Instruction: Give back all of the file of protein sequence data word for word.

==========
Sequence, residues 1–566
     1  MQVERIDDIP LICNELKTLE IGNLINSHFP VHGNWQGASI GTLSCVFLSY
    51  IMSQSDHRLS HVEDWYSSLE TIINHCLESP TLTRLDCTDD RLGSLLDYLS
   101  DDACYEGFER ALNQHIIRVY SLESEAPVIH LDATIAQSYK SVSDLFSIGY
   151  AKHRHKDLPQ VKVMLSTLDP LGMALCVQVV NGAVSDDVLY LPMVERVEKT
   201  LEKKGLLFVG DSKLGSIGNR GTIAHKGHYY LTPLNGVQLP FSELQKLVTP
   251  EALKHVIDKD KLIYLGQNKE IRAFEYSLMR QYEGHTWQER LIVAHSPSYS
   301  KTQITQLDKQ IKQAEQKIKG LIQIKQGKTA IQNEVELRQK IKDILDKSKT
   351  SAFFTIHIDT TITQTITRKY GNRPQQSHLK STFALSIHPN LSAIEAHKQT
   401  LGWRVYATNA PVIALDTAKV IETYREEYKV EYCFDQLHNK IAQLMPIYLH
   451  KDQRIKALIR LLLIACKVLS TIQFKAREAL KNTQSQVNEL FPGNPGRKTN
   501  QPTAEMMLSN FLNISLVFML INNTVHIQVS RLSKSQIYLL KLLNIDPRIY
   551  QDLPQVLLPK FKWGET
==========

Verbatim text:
Sequence, residues 1–566
     1  MQVERIDDIP LICNELKTLE IGNLINSHFP VHGNWQGASI GTLSCVFLSY
    51  IMSQSDHRLS HVEDWYSSLE TIINHCLESP TLTRLDCTDD RLGSLLDYLS
   101  DDACYEGFER ALNQHIIRVY SLESEAPVIH LDATIAQSYK SVSDLFSIGY
   151  AKHRHKDLPQ VKVMLSTLDP LGMALCVQVV NGAVSDDVLY LPMVERVEKT
   201  LEKKGLLFVG DSKLGSIGNR GTIAHKGHYY LTPLNGVQLP FSELQKLVTP
   251  EALKHVIDKD KLIYLGQNKE IRAFEYSLMR QYEGHTWQER LIVAHSPSYS
   301  KTQITQLDKQ IKQAEQKIKG LIQIKQGKTA IQNEVELRQK IKDILDKSKT
   351  SAFFTIHIDT TITQTITRKY GNRPQQSHLK STFALSIHPN LSAIEAHKQT
   401  LGWRVYATNA PVIALDTAKV IETYREEYKV EYCFDQLHNK IAQLMPIYLH
   451  KDQRIKALIR LLLIACKVLS TIQFKAREAL KNTQSQVNEL FPGNPGRKTN
   501  QPTAEMMLSN FLNISLVFML INNTVHIQVS RLSKSQIYLL KLLNIDPRIY
   551  QDLPQVLLPK FKWGET